On October 14, 2018, The Des Moines Register published an article that outlined the toxic workplace environment at the Iowa State Capitol. The article delved into more than 1,000 pages of court documents previously unavailable to the public. These documents were part of a sexual harassment lawsuit brought against the state by former Senate Republican staffer Kirsten Anderson. Ms. Anderson won her case in July of 2017.
In 2018, a landmark study was released by Stop Street Harassment and Raliance. The study looked at sexual harassment and assault in the United States in the wake of the #MeToo movement, which exploded on social media a year ago today. According to this report, 81 percent of women and 43 percent of men experienced sexual misconduct.
The following is a statement from Beth Barnhill, Executive Director for the Iowa Coalition Against Sexual Assault, in response to the Register's article:
We are appalled by the nature of the abuse described in this reporting. It's disheartening to know that sexual harassment, racism, and homophobia is perpetrated by some of the lawmakers we rely on to pass legislation to protect victims and survivors in the first place. What's more, the steps the legislature has taken to address these issues have been lackluster at best. This is a critical moment for the legislature to review its policies and to emphasize research-based prevention strategies. There must be accountability for unacceptable and harmful behavior.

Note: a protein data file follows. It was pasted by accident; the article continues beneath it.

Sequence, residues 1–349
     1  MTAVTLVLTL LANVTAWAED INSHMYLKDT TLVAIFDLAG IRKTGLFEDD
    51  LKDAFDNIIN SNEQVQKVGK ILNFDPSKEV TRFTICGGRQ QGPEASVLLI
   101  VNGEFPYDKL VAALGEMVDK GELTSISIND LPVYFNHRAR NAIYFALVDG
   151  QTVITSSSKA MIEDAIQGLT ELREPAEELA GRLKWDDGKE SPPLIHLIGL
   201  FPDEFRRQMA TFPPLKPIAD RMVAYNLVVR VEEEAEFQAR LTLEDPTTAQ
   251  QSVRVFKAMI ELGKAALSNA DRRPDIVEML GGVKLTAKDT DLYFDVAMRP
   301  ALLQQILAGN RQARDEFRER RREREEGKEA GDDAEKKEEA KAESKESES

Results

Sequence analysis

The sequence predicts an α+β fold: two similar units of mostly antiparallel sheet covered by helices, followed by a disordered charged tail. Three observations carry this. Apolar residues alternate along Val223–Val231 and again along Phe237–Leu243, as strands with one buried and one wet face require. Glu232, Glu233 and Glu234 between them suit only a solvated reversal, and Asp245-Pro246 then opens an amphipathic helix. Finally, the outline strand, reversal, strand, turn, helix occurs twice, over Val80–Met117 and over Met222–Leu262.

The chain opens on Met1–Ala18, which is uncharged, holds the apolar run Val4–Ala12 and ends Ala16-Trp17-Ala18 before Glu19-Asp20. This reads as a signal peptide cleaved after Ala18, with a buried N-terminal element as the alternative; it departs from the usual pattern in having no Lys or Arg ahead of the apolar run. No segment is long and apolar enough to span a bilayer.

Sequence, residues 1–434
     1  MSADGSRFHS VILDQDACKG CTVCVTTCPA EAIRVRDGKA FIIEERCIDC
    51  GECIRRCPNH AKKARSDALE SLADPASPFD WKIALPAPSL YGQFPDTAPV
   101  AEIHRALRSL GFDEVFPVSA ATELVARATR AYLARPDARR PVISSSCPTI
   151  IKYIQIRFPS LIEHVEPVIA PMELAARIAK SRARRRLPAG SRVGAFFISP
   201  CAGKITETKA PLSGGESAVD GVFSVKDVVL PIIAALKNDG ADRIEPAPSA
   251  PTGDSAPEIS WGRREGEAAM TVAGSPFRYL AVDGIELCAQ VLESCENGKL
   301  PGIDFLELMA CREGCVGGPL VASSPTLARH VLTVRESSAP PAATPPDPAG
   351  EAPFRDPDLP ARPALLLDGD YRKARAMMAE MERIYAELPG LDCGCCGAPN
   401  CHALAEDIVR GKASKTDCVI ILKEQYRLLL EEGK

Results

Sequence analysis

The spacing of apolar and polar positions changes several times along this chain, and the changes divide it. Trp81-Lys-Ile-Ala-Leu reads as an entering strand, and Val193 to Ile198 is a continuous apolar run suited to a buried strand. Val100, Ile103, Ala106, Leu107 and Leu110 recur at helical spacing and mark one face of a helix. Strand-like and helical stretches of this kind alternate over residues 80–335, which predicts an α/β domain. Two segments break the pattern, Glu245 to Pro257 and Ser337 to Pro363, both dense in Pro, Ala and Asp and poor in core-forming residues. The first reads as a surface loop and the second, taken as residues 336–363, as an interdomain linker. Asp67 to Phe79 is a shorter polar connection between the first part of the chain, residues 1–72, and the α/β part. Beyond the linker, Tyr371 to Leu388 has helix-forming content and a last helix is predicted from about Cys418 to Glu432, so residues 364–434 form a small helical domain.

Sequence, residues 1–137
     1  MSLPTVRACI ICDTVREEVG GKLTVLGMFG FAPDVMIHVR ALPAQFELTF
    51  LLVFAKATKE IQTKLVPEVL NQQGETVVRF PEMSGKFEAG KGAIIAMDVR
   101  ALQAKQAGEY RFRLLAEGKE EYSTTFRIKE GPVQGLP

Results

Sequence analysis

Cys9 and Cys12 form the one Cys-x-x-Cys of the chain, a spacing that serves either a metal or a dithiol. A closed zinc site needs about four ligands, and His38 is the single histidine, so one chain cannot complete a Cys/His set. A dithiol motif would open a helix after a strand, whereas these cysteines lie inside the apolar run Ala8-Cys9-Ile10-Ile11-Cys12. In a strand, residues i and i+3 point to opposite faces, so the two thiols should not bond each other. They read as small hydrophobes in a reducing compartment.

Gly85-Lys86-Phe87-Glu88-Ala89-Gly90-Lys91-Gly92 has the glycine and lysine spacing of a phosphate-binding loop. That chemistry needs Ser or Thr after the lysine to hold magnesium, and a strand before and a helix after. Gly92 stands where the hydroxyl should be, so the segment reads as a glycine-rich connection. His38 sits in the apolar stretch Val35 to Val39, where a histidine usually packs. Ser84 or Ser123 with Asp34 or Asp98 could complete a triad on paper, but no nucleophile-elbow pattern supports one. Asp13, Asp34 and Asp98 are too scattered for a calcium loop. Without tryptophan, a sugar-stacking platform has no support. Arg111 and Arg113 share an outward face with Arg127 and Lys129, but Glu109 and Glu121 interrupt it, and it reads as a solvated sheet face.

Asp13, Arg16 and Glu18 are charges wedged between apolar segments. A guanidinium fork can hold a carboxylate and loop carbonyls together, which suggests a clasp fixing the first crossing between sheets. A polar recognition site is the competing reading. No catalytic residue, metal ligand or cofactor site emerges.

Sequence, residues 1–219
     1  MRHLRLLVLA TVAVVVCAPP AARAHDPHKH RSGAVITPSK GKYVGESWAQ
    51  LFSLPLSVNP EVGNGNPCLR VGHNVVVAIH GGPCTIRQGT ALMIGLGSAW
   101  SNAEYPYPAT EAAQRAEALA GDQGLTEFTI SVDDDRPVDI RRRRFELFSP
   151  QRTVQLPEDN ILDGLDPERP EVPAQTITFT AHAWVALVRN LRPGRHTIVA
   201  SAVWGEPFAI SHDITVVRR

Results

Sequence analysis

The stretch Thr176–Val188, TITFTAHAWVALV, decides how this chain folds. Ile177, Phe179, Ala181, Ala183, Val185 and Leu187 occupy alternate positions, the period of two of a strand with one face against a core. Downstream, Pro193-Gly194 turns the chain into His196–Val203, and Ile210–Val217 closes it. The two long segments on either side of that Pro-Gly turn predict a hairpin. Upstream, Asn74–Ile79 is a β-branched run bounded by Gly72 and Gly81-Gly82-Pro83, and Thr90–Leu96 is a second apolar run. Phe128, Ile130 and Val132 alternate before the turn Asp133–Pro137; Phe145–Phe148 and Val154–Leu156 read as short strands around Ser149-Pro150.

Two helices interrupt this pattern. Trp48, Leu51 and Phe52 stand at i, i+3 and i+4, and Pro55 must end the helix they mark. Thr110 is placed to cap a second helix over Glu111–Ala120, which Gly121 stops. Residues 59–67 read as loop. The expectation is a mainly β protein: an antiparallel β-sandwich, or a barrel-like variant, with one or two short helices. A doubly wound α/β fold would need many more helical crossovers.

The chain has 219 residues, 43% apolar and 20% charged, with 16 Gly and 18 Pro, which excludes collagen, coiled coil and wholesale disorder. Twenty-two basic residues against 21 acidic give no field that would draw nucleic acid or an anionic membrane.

Recent events have illustrated how much work needs to be done to curb a culture that allows sexual violence to permeate. Even a year after #MeToo exploded across social media, some in power continue to make excuses for their abhorrent and demeaning actions.
Lawmakers need to take notice: survivors are listening, we're not going to take it anymore, and—perhaps most importantly—we vote.
The National Women's Law Center released a report this month documenting national progress in catalyzing change to end workplace harassment. In the past year, state legislators from across the country introduced over 100 bills to strengthen protections against workplace harassment. Notably, Iowa is not included in this report.
Activist Tarana Burke founded the #MeToo movement in 2006 to help survivors of sexual violence find healing and strength. On October 15, 2017, actress Alyssa Milano invited survivors to share their experiences of sexual harassment and sexual violence on social media using the hashtag #MeToo. Ms. Milano's tweet, in response to surfacing reports of Hollywood movie mogul Harvey Weinstein's serial predatory behavior against women, went viral. The #MeToo movement has gained traction since then, spurring an ongoing dialogue about sexual violence and what we can do to stop it.